Tumour: Pineal RegionTumours Surgical Treatment: Total surgical resection: surgery alone can be curative for benign pineal tumors (pineocytoma, meningioma, neurocytomas, mature teratomas, hemangioblastomas, cavernous hemangiomas, gangliogliomas, and symptomatic pineal cysts Non-radical surgical resection: (decided based on prior biopsy/frozen section intra-op) For more aggressive tumours, such as malignant teratomas, pinealoblastomas, embryonal carcinomas, choroicarcinomas and yolk sac tumors require a combination of surgery, radiation therapy and chemotherapy. Biopsy If a newly diagnosed pineal mass is accessible by stereotactic or endoscopic biopsy and the cranial MRI is compatible with a germinoma
Congenital:Craniosynostoses Corrective surgery
Encephaloceles Cephalocele is a herniation of intracranial contents through a defect on the skull and according to the nature of the contents: Meningoceles: if they contain only meninges Encephaloceles: contain brain Meningoencephaloceles:contain both Ventriculocele: If the herniated brain contents include a portion of the ventricle Cephaloceles are also classified according to their location occipital (70–75%) frontal (25–30%). The overall incidence of cephaloceles is about 0.8– 3.0 per 10,000 live births with encephaloceles being the most common form.
Hydrocephalus Postoperative Care of CSF Shunting Wounds are kept dry under sterile dressings. Skin sutures on the head and those on the abdomen on the 7th day. Plain radiographs of the implanted shunt provides control of the position of the shunt and connections as well as a good baseline for the future. In patients with variable pressure valve it confirms the setting of the opening pressure. Postoperative CT scan is used to document ventricular size, although a scan performed shortly before the operation may suffice. Patients with high brain compliance should be mobilized and brought to the upright position gradually to reduce the incidence of over drainage and subdural haematoma formation.
Epilepsy The prerequisite for any surgical consideration is a medical approach in order to localize the single or multiple epileptic foci and to identify the cause of the seizure disorder. Types of surgery Cerebral Resection limited to the epileptogenic focus, i.e., the initial starting point of the seizures and the regions of immediate propagation. Disconnective Surgery functional hemispherectomy and hemispherotomy Palliative Surgery to limit the propagation of the seizure discharges by disrupting certain pathways Types: Callosotomy Subpial transection: parallel transsections of the short cortico- cortical fibers,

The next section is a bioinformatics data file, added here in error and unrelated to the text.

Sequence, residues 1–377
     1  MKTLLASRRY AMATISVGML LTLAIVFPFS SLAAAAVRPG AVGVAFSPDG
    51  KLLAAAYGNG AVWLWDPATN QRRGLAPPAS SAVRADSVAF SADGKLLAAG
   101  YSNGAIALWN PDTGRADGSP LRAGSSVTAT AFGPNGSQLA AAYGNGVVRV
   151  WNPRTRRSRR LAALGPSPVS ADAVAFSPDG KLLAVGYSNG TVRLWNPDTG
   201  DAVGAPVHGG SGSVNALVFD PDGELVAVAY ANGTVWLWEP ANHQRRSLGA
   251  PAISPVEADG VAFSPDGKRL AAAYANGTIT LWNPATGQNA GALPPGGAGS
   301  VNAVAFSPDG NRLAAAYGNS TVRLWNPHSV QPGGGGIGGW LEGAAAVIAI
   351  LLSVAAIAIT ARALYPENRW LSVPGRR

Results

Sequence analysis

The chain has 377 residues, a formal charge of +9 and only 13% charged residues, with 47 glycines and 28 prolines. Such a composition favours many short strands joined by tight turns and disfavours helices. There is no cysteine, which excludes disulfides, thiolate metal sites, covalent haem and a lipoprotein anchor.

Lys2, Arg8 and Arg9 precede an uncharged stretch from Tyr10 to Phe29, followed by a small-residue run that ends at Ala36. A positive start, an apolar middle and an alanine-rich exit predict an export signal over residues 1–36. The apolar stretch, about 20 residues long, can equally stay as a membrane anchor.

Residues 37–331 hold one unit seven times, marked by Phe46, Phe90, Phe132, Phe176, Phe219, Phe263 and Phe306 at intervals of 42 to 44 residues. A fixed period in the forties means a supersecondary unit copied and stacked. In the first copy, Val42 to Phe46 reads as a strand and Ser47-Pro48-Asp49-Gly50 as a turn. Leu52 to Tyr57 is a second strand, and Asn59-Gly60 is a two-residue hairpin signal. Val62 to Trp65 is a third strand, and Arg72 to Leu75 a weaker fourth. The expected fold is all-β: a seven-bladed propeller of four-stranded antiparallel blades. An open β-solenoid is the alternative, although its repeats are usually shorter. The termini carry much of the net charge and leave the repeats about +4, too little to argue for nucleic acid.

Dermoid cyst Cystic teratoma that contains developmentally mature skin complete with hair follicles and sweat glands Almost benign
Trauma Skull Fracture Depressed fractures Scalp lacerations and compound vault fractures Anterior fossa floor with dura tear Temporal bone fracture (mostly transverse) with immediate but partial facial nerve palsy Foreign body Haemorrhage Scalp Injury Epidural hemorrhage Subdural hemorrhage Intraparenchymal hemorrhage Intraventricular hemorrhage and SAH causing Hydrocephalus
Infection: Cerebralabscess Classical surgical indications: (a) abscess diameter of >2 cm; (b) intracranial hypertension; (c) risk of intraventricular rupture; (d) absence of response to medical treatment; and (e) mycotic infections. When an etiologic diagnosis is not established following MRI and systemic studies, surgical aspiration and sampling is indicated. Subdural empyema represents a neurosurgical emergency-Urgent craniotomy and evacuation
Infection: Cerebralabscess Surgical Options: open surgical evacuation needle aspiration: Free hand stereotactic approaches Frame based Frameless
Infection: Brain hydatidcyst (BHC) Hydatid is a word derived from the Greek “ydatos” which means water. Hydatid disease is a parasitic infestation caused by a dog tapeworm larvae It is common in sheep farming in underdeveloped countries such as those located in Asia, Africa, South and Central America or in the Mediterranean area. Involvement of brain, 2–3% of all body localisations Usually, the infestation goes up the systemic circulation to the parietal lobe via the middle cerebral artery as in all embolic diseases. Brain hydatid cysts (BHC) are spherical, or balloon- shaped, and are characterized by slow growth. At diagnosis, their size varies from few centimetres to huge volume of 15 cm or more.
Infection: Brain hydatidcyst (BHC) Operative treatment: total surgical excision remains the only treatment. Complete removal of an unruptured cyst with preservation of adjacent brain parenchyma leads to cure.
Infection:Neurocysticercosis (NCC). Neurocysticercosis, infection of the central nervous system by Taenia solium metacestodes, is the commonest encountered cerebral parasitic infection in the world. Humans are the only natural defi nitive hosts for the Taenia solium, which are aquired by the ingestion of undercooked or raw meat (most commonly pork) infested by larvae
Infection:Neurocysticercosis (NCC). Surgical treatment: Ventricular shunt placement is the high prevalence of shunt dysfunction Neuroendoscopy can be used for resection of intraventricular cysts, with much less morbidity Open surgery Surgery should be the first choice of treatment in the presence of increased intracranial pressure secondary to giant cysts causing mass effect and hydrocephalus due to CSF circulation blockage.